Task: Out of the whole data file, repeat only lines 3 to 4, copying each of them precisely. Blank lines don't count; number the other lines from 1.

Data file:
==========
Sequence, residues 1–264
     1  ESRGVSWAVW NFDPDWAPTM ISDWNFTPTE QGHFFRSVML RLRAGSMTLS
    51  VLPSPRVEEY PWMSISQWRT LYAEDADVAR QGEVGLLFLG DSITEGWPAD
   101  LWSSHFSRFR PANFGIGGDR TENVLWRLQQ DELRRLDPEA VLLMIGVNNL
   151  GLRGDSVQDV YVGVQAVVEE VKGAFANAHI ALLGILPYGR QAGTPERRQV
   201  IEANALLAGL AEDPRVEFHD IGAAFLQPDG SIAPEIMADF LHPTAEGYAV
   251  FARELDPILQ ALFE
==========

    51  VLPSPRVEEY PWMSISQWRT LYAEDADVAR QGEVGLLFLG DSITEGWPAD
   101  LWSSHFSRFR PANFGIGGDR TENVLWRLQQ DELRRLDPEA VLLMIGVNNL